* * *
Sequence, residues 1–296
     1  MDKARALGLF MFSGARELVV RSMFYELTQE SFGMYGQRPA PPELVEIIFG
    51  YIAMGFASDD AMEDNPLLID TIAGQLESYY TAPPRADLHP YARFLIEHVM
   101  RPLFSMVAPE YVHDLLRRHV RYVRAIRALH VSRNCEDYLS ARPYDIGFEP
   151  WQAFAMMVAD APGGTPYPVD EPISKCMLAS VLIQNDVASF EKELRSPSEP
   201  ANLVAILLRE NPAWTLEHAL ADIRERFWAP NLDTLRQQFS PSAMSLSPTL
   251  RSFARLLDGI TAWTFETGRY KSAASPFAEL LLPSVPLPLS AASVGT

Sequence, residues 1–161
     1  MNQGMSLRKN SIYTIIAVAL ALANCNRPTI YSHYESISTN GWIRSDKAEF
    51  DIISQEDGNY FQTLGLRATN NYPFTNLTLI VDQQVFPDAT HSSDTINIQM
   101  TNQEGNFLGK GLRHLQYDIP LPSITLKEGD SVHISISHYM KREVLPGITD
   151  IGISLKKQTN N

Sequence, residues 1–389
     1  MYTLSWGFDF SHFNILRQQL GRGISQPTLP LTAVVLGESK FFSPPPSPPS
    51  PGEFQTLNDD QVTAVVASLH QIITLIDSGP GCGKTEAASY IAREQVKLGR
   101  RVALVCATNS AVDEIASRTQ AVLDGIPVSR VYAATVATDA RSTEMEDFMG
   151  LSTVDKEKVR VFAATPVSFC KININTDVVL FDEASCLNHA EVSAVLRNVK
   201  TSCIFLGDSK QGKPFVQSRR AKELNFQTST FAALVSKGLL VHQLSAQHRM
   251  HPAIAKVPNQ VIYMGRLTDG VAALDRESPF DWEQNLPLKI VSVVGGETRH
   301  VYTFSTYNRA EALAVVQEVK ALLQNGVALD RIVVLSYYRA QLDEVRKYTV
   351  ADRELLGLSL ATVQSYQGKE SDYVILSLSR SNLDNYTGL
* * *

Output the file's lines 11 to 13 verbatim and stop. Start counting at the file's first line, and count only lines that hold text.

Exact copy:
   101  TNQEGNFLGK GLRHLQYDIP LPSITLKEGD SVHISISHYM KREVLPGITD
   151  IGISLKKQTN N

Sequence, residues 1–389